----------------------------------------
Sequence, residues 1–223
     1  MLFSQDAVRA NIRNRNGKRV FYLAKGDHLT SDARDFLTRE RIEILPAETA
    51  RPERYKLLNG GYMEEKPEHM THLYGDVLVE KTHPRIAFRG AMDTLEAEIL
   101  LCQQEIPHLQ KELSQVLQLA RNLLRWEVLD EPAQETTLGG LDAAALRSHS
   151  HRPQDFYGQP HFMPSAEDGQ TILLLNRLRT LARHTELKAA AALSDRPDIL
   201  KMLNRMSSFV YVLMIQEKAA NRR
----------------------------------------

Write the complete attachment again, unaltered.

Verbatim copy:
Sequence, residues 1–223
     1  MLFSQDAVRA NIRNRNGKRV FYLAKGDHLT SDARDFLTRE RIEILPAETA
    51  RPERYKLLNG GYMEEKPEHM THLYGDVLVE KTHPRIAFRG AMDTLEAEIL
   101  LCQQEIPHLQ KELSQVLQLA RNLLRWEVLD EPAQETTLGG LDAAALRSHS
   151  HRPQDFYGQP HFMPSAEDGQ TILLLNRLRT LARHTELKAA AALSDRPDIL
   201  KMLNRMSSFV YVLMIQEKAA NRR